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Freshman Recipe for Increasing Hotel F&B Revenue

publication date: Jan 27, 2014
author/source: Meg McDonough

Freshman Recipe for Increasing Hotel F&B Revenue

By Meg McDonough

Is your hotel located within a five-mile radius of a college or university campus?

Does your business plan identify the student patron as part of your marketing strategy and, if so, how are you marketing yourself to them? Student patrons can be a valuable source of business.

Academic life still centers around socializing in its many forms. Students, to some extent, still have discretionary funds available for various pursuits - such as, communication devices, music downloads, attending concerts, movies, etc. Coffee at Starbucks is a hefty investment when you consider the habit and constancy of such visits.  

There is a substantial potential for your F&B profitability if you identify the "collegiate" factor (i.e., students, faculty, administrators) as part of the hotel dining usage. Marketing specifically to this group can be integrated within your existing advertising with targeted rates and specials available to those who can produce a student ID or others who provide proof of their affiliation with a university. Group mailers and university newspaper inserts can be used as marketing vehicles.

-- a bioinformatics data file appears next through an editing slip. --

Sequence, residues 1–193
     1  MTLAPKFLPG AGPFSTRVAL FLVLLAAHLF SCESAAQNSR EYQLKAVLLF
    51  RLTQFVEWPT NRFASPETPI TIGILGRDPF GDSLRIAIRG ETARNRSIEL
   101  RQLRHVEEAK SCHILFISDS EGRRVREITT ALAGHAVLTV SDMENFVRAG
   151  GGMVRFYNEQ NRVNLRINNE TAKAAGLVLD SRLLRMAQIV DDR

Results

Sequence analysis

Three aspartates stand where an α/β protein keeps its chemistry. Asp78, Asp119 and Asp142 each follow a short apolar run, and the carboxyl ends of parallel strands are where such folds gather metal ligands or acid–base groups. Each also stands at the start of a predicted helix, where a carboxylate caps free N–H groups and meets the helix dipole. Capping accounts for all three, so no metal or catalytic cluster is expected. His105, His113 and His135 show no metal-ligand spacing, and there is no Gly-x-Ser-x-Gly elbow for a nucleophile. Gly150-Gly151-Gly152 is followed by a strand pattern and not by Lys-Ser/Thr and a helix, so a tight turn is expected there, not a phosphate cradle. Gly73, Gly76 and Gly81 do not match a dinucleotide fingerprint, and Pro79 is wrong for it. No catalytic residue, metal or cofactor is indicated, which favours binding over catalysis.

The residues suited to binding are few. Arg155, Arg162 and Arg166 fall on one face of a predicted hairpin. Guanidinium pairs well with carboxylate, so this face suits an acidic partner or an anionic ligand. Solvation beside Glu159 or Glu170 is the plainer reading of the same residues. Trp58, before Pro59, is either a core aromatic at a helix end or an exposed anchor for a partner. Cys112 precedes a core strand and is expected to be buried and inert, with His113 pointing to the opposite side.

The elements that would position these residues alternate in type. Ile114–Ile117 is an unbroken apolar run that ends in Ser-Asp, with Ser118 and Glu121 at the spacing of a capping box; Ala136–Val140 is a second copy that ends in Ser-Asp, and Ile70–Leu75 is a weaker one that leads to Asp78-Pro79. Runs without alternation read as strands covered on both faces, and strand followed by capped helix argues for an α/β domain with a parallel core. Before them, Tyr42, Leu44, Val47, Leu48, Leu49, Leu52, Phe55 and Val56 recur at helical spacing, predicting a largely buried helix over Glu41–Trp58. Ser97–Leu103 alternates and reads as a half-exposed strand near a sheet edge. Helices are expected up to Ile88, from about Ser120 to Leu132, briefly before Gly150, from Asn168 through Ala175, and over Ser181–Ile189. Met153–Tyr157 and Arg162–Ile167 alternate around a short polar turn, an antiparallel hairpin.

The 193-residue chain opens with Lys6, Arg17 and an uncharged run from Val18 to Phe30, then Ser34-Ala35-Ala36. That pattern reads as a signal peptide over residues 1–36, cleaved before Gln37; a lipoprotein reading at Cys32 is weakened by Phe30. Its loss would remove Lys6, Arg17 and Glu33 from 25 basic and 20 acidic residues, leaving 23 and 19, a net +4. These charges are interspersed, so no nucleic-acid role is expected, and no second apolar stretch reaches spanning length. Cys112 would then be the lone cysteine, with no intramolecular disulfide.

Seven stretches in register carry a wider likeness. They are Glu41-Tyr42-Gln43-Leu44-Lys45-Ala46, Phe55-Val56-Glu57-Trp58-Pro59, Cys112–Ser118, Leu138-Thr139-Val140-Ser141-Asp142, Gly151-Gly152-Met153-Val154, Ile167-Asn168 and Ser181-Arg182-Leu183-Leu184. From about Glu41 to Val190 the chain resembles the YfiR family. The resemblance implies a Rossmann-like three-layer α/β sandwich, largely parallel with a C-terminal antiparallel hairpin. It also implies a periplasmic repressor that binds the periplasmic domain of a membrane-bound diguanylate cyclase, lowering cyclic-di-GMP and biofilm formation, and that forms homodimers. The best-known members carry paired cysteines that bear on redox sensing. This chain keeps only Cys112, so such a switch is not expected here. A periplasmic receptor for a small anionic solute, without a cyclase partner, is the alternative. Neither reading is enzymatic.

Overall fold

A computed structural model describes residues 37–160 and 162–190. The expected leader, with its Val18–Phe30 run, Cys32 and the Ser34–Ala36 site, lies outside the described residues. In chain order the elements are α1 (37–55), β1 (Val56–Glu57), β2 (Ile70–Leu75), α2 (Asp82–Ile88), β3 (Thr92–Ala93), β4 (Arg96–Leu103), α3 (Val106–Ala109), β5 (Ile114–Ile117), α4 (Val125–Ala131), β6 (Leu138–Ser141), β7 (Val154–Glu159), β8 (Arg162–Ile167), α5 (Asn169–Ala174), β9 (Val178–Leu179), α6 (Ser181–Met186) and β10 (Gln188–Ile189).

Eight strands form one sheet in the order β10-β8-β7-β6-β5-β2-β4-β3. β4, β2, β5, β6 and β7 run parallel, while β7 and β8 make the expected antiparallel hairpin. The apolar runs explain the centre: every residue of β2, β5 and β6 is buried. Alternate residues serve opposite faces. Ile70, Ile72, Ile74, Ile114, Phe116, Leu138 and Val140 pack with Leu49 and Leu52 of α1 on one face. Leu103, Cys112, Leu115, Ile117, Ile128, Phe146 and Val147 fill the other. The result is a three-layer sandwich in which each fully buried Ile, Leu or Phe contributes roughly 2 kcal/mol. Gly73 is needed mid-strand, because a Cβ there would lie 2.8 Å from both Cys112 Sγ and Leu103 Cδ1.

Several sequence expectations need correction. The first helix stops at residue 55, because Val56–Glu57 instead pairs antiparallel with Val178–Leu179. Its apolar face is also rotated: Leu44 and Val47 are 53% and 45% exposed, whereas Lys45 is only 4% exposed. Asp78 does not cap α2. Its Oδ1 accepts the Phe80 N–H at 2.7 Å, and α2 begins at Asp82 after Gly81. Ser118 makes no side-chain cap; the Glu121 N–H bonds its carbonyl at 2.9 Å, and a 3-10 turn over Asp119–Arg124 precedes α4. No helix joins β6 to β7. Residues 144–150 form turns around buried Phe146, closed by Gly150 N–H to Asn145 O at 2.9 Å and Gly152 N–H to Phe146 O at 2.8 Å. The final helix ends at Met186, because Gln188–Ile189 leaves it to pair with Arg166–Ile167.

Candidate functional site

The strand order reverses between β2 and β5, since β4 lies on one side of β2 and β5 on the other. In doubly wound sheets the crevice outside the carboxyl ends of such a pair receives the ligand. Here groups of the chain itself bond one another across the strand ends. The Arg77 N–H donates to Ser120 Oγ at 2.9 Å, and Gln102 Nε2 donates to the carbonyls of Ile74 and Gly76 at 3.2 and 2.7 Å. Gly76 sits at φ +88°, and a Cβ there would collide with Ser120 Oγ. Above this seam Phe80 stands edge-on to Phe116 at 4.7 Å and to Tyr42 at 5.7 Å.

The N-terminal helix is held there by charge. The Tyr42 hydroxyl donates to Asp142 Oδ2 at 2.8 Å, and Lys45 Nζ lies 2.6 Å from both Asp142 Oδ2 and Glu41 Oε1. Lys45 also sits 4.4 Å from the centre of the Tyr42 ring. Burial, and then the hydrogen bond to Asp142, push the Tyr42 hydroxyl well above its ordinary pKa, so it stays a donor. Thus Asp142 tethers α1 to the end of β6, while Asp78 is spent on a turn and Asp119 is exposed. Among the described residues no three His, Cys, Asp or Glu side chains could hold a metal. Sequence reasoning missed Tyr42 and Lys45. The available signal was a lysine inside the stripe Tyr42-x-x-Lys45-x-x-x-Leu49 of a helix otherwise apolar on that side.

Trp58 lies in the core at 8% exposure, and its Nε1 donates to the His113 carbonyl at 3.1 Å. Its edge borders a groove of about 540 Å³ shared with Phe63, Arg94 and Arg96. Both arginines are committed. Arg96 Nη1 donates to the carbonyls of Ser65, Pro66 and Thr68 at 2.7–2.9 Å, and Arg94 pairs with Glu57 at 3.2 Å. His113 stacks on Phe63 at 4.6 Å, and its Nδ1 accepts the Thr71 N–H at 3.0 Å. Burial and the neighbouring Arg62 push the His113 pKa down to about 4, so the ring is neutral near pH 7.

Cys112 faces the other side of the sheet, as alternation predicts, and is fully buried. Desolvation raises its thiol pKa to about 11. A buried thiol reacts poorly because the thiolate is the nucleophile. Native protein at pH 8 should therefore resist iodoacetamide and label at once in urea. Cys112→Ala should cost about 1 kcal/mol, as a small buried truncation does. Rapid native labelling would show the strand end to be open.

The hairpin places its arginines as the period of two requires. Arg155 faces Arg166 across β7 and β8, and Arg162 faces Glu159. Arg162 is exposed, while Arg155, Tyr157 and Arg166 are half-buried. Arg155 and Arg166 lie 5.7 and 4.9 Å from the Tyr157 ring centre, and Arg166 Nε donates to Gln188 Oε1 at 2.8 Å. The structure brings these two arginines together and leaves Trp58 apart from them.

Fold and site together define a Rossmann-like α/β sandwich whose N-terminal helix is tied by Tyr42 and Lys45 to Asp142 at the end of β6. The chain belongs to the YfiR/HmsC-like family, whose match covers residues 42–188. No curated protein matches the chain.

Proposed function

1. Consider non-peak hours for promoting dining specials for this group and highlight menu selections which can be prepared with lower food costs and preparation (versus haute cuisine).
  2. Also, be prepared for en masse dining preferences and having sufficient seating capabilities.
  3. Perhaps you have a quieter time of day and/or evening when you can welcome the collegiates better and provide the same quality service as your other dining patrons.
  4. Suffice it to say that word of mouth on how you handle welcoming the collegiates will be a Tweet (and ping - if cameras reach the tabletop in time) away. Welcome the History Club ensemble with a group Tweet invite and be ready to $$serve$$ away.

One of the benefits to providing great service to your collegiate dining patrons is the degree of free press you would receive. It might behoove you to assign servers who are astute in maintaining up-to-date social communications on behalf of your restaurant as this will provide you the level of guidance and responsiveness for your collegiate program.

P.S. Make sure all your menus contain written notice regarding the handling of "collegiate" dining specials, ID requirements (if you want to go this far), and YES, how tipping will be handled for group dining.

Happy Holidays, everyone.


January 18, 2011

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